Athletes participating in tournaments will incur expenses related to coaching fees for tournaments in addition to the entry and travel expenses. Coaching fees are collected by the office to reimburse the team coach for hotel, travel and per diem. These expenses vary from tournament to tournament and are cost-shared among the fencers attending the events. In addition, each fencer pays a strip fee which reimburses the coach for lost wages. Strip fees are a set amount per event. All FIT fencers attending a tournament where a coach is assigned are required to pay coaching fees. This does not ensure the coach will be beside your fencer 100% of the time. Coaches will prioritize their time with the fencers who need attention most; however, they are watching your fencer even when not by the strip.
All Gold Level fencers are expected to participate in FIT-sponsored tournaments as an athlete or ancillary staff (referee, bout committee, or armorer). Fencers from around the region know the quality of the FIT fencers and want to compete against them. This supports our club by bringing in additional income. FIT is a 501(c)(3) non-profit and relies on tournaments to support our programs.
Wheelchair athletes participate in recreational and competitive fencing. Coach Jeff Crowe has taken students all the way to the Paralympics. Coach Michael D'Asaro was the USA Fencing Paralympic Coach at two games.
Students must fence at least two weapons (foil, epee, sabre) to compete at the National and Paralympic level. Paralympians train 2-4 days per week with the addition of private lessons required.
USA Fencing holds two Parafencing competitions at North American Cups (NACs) during the fencing season. In most non-Olympic years, the national Parafencing championship is held at Summer Nationals over the 4th of July holiday. In Olympic years, the national Parafencing championship is usually held in April.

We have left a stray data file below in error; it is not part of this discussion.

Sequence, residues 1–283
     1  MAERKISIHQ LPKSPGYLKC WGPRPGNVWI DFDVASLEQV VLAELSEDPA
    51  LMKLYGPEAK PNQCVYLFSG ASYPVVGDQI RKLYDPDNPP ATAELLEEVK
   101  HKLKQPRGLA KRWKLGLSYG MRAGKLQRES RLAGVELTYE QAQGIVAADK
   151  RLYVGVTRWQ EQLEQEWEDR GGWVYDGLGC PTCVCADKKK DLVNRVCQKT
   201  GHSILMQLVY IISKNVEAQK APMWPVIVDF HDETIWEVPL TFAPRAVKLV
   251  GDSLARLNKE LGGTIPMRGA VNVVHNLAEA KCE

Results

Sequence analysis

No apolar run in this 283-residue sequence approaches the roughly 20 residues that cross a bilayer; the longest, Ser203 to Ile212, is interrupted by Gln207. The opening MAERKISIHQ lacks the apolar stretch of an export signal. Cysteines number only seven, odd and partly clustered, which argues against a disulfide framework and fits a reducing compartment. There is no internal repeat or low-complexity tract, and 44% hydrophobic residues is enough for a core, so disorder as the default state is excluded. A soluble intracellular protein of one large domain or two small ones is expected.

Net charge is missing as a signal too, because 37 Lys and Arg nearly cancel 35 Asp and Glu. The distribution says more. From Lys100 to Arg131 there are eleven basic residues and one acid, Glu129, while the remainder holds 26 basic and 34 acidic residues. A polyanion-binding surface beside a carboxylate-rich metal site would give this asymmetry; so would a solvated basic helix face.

Students come on Sunday at 3 pm to learn fencing and participate in tournaments at the local level.
Students may take private lessons; however, the primary focus is to learn the basics and have fun.
There are three categories of competition, based upon disability classification.
The three categories are: A, B, and C, with each category indicating the degree of disability from least “A” to most severe “C.”
For the Paralympic Games, the competitions are only for “A” and “B” fencers with separate competitions for each group. Category C fencing is not contested at the Paralympic Games.
An official classifier for IWAS determines the specific category for each wheelchair fencer. Athletes compete according to category at international tournaments, but the categories are combined for competition at U.S. tournaments.
For more information, see the USA Fencing website: https://www.usafencing.org/parafencing-101
The Victorian fencers meet Wednesdays from 8-9 PM and one Sunday a month for a Victorian Salon. This active group performs demonstrations throughout the southwest for festivals, special events and school programs.
Coach Carr welcomes all interested persons into this group. If you are currently enrolled in a FIT program, you may attend this group at no additional fee.
Sunday Salon is held once a month from 6-9 PM at FIT. Light refreshments and a discussion group of literature and other VIctorian age items are discussed.